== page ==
New York Times Commentary
“David C. Baldus, whose pioneering research on race and the death penalty came within a vote of persuading the Supreme Court to make fundamental changes in the capital justice system, died on Monday at his home in Iowa City. He was 75. …Professor Baldus, a longtime faculty member at the University of Iowa College of Law, and two colleagues, Charles Pulaski and George Woodworth, set out to test that assumption. Their study examined more than 2,000 murders in Georgia, controlling for some 230 variables. The study’s findings have often been misunderstood. They did not show that blacks were significantly more likely to be sentenced to death than whites. What the study found was that people accused of killing white victims were four times as likely to be sentenced to death as those accused of killing black victims. In other words, a death sentence often hinged not on the race of the defendant but on the race of the victim.” [Source: David Baldus Memorial, NY Times, 14 June 2011]
University of Iowa College of Law Commentary
“David C. Baldus, the Joseph B. Tye Professor of Law at the University of Iowa, died peacefully at home on Monday, June 13, 2011, after a lengthy battle with cancer. … Professor Baldus was an outstanding scholar, a beloved teacher, and a powerful voice for justice. He pioneered the use of statistical methods in legal research, and he was a world-renowned expert in the administration of the death penalty in the United States. He continued this important work until just days before his death, leaving instructions for its completion when his health deteriorated suddenly. David Baldus died as he lived, with grace, quiet dignity and great courage.” [source – College of Law Blog]
A memorial service will be held at 1:30pm Sunday, July 10, 2011 at Lensing Funeral Home, 605 Kirkwood Avenue, Iowa City, IA 52240. On-line condolences and memories may be directed to LensingFuneral.com. Another memorial service will be held at the University of Iowa College of Law in late summer or early fall.
Remembering David Baldus
Below are memories others have shared about David Baldus.
- “A great and decent man has died; scholar, researcher, teacher, colleague and friend, David Baldus. He and his wife, Joyce Carman, were special friends of Mary and me. And the memories I like to recall at this time are not just of our conversations in his office or mine, or when waiting for the coffee to brew in the faculty lounge, but of our times together each summer on their pontoon boat on the Coralville Reservoir.” ~ Nicholas Johnson [source]
- “Dave had a unique genius for digging into masses of messy factual information and discovering crucial human forces at work behind the purportedly impersonal administration of criminal law.” ~ Anthony G. Amsterdam [source]
- “[His] pioneering research on race and the death penalty came within a vote of persuading the Supreme Court to make fundamental changes in the capital justice system…” ~ Adam Liptak, The New York Times [source]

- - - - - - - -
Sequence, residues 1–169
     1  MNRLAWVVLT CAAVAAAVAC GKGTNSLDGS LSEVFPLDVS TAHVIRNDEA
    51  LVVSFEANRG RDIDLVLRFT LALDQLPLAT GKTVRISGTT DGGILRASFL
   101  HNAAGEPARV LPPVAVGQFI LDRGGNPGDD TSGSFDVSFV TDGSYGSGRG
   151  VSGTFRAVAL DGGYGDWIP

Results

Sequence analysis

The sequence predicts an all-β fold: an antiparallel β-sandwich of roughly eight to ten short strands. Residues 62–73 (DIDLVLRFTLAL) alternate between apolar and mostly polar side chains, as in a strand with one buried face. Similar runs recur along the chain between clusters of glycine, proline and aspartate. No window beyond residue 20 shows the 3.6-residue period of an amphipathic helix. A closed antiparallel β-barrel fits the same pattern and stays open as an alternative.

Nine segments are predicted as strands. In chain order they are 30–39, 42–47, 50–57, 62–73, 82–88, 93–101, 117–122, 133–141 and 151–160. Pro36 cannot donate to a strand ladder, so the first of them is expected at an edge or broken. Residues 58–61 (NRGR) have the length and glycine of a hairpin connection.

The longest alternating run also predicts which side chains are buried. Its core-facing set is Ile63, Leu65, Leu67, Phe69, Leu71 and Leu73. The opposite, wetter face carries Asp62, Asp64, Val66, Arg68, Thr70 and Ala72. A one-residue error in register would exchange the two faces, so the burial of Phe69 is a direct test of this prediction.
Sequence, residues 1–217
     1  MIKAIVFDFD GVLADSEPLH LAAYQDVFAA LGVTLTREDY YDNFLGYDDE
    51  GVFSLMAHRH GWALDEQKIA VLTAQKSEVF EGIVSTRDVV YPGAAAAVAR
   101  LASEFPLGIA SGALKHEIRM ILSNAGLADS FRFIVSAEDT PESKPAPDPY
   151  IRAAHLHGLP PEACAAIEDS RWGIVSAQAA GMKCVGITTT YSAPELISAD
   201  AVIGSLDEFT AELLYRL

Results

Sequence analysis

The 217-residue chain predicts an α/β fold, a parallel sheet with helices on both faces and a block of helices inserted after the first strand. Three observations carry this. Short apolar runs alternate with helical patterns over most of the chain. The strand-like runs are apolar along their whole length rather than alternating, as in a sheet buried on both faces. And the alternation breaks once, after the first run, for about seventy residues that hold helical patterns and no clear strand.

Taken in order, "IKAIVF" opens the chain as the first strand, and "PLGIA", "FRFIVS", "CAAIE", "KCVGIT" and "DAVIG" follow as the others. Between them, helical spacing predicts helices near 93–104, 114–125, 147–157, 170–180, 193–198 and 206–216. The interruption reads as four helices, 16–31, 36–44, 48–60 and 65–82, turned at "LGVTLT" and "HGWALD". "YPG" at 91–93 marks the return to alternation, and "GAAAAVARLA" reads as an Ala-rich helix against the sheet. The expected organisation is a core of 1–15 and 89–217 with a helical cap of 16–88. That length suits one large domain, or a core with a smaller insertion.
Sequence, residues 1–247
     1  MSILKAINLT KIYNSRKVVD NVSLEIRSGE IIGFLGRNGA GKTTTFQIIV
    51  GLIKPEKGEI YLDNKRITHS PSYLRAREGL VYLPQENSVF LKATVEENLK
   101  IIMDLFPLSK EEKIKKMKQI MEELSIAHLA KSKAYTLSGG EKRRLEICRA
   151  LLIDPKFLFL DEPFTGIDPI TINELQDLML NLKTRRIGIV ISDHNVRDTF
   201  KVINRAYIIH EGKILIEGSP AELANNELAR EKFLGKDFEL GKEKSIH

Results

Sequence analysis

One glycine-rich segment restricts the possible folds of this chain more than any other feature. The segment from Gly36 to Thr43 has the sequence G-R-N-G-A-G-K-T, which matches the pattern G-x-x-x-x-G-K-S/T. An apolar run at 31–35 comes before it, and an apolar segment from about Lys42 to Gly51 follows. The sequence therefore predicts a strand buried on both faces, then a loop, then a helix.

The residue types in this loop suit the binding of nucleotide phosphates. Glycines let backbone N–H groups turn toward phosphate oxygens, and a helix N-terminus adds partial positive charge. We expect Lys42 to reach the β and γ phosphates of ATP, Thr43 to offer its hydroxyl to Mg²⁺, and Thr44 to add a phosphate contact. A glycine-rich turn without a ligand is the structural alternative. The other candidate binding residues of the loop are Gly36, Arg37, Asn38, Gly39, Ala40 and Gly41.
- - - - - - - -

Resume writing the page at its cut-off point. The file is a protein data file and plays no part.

- “David Baldus was an outstanding scholar and teacher. … He brought to his teaching and research tireless energy, a strong desire to help younger scholars as they began their own research, and dedication to an unwavering belief in pursuing justice. He was frequently recognized with honors for his work, and was the recipient of grants from a number of agencies.” ~ Memorial Obituary [source]
- “Dave was, and will always be, an inspiration to those of us fortunate enough to have known him. He was a brilliant lawyer and scholar who worked to bring justice and decency not just to the application of the law, but to institutions of all kinds. I was never a law student, but Dave taught me about the law and, by example, about how to live with courage and compassion. I’ll miss his counsel and his friendship.” ~ Osha Gray Davidson [source]
- “In 1983 David C. Baldus, along with Charles A. Pulaski and George Woodworth, published a study examining the presence of racial discrimination in death penalty sentencing. The study analyzed over 2000 murder cases occurring in the state of Georgia in the 1970s. The cases examined by Baldus all occurred between two United States Supreme Court cases involving Georgia: Furman v. Georgia (1972) and McCleskey v. Kemp (1987). … Baldus found that defendants accused of killing white victims were 4.3 times more likely to receive the death penalty than defendants accused of killing black victims.” Wikipedia [source]
- “I first met David in 1990 when I began working at the College of Law. Over the 20 years since then, I’d kept in touch with David and Joyce. I found David’s fusion of passion, compassion, and the strong use of his keen intellect to be somewhat awe inspiring. He’s one of those rare people who has made an enduring positive impact on the world we live in.” Greg Johnson [source]
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